NASA has announced the continuation of a two-phase $750,000 research award to Embry-Riddle Aeronautical University and project partner Honeybee Robotics to develop a small integrated autonomous robotic spacecraft system to support the exploration and mining of asteroids and other planetary bodies and moons.
Dr. Hever Moncayo and Dr. Richard Prazenica, both Assistant Professors of Aerospace Engineering in the College of Engineering are leading the effort at the Daytona Beach Campus. Also collaborating on this project is Dr. Sergey Drakunov, Professor of Engineering Physics in the Physical Sciences Department and Associate Dean of the College of Arts and Sciences. Dr. Kris Zacny is the team lead for Honeybee Robotics.
The Embry-Riddle team includes Aerospace Engineering master’s degree students Diego Garcia, Chirag Jain, Andres Chavez, Wai Leuk Law, Aerospace Engineering Ph.D. student Andres Perez and Engineering Physics Ph.D. student Samuel Kitchen-McKinley. The researchers are focusing on an innovative concept based on autonomous small free-flyer prospector spacecraft that can leave from, return and recharge from a mothership on the planet’s or asteroid’s surface.
The spacecraft design will use unique technologies such as MicroDrills and Pneumatic Samplers previously developed under NASA Small Business Innovation Research project awards by Honeybee Robotics. In particular, the research effort will focus on flight control and guidance under extreme environments, vision-aided navigation approaches, and sampling systems design, testing and evaluation. The proposed flying scouts spacecraft system was developed, simulated and evaluated during Phase I of the project, and is now being experimentally validated and demonstrated during Phase II through flight-testing on an autonomous research platform.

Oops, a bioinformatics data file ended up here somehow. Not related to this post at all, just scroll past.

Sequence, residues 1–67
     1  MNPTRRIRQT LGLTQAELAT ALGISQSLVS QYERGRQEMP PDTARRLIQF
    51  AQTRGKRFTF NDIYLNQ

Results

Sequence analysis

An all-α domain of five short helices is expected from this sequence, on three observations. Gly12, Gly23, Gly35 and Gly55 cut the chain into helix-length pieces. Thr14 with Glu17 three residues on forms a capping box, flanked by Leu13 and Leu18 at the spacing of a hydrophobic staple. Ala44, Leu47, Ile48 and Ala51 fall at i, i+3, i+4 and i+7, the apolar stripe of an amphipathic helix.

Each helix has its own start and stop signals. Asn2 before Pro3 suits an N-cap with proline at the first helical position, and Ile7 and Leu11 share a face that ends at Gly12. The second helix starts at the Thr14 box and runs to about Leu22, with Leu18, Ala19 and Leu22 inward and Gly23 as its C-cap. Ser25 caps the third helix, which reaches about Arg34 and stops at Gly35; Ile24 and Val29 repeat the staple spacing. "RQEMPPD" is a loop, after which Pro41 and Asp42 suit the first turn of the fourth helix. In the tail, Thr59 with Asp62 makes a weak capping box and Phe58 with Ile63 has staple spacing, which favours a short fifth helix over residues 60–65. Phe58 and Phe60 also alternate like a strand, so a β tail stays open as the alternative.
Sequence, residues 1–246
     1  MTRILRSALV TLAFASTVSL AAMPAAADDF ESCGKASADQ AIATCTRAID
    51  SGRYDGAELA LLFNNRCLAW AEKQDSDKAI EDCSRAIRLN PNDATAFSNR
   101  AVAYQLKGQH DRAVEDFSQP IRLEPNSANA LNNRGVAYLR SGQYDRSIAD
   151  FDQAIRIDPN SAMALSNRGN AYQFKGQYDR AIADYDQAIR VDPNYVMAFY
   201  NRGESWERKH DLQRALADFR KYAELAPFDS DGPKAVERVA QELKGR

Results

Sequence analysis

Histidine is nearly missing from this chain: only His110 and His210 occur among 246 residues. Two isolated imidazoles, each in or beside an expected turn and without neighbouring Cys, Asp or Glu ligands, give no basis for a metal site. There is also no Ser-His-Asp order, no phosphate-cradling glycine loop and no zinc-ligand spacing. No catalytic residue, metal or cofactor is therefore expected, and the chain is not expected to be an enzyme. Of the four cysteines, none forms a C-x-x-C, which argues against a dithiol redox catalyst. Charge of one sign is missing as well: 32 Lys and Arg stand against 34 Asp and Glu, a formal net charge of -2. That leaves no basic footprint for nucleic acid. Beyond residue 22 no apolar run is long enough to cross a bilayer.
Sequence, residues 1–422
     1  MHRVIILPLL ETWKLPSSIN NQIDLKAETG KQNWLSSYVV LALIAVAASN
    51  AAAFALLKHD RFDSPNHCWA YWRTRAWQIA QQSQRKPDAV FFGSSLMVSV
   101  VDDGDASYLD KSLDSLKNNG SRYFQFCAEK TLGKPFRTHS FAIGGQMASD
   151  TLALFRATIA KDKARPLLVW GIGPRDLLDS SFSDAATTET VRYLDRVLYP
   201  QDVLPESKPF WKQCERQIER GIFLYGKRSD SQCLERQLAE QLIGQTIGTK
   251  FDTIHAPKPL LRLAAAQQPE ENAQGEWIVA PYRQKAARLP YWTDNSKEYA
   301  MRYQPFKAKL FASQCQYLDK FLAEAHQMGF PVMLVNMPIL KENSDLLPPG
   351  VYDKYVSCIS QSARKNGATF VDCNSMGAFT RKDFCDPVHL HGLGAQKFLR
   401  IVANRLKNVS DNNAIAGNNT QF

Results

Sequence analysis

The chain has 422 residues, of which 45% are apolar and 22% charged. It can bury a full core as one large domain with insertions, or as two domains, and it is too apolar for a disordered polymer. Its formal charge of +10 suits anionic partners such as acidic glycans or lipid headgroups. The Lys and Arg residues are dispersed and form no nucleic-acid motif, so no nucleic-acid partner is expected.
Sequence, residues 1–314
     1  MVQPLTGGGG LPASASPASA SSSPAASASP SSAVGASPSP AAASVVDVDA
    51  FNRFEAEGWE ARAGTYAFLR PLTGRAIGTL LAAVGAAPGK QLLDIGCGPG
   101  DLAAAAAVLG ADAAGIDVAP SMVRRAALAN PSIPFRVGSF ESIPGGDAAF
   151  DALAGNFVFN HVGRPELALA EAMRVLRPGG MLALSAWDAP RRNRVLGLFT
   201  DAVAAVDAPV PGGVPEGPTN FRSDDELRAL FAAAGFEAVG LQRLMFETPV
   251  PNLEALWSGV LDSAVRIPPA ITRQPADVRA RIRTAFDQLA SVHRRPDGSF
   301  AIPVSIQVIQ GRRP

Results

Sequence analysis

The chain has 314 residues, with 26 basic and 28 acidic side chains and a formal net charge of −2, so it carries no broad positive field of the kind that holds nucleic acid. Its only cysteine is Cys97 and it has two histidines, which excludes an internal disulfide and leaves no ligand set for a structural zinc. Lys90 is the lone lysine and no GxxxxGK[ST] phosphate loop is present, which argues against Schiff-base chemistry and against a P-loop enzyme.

“This is an important project in our efforts to establish a long term partnership with NASA Centers,” said Dr. Moncayo. “Aerospace engineering students working together with faculty are pushing the boundaries of applied research towards innovative and low cost technologies for the exploration of extreme environments, not only for space missions, but also for terrestrial applications.”
For more information on developing deep space flying prospecting robots, see Extreme Access Flyer to Take Planetary Exploration Airborne on the NASA website.
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